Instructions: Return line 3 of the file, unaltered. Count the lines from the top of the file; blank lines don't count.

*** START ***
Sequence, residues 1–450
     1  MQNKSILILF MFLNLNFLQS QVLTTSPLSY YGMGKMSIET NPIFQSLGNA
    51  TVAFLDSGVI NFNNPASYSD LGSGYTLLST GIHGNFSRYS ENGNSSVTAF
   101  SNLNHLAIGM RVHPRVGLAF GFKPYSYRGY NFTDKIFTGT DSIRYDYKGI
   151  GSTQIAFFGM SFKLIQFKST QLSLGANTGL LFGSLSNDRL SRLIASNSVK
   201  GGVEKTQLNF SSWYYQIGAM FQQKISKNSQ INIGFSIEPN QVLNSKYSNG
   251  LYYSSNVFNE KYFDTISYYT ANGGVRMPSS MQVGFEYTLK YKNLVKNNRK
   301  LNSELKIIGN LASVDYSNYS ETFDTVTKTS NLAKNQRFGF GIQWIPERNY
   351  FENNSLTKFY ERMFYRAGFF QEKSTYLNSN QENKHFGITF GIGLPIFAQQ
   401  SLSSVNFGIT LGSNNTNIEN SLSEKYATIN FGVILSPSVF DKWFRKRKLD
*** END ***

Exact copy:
    51  TVAFLDSGVI NFNNPASYSD LGSGYTLLST GIHGNFSRYS ENGNSSVTAF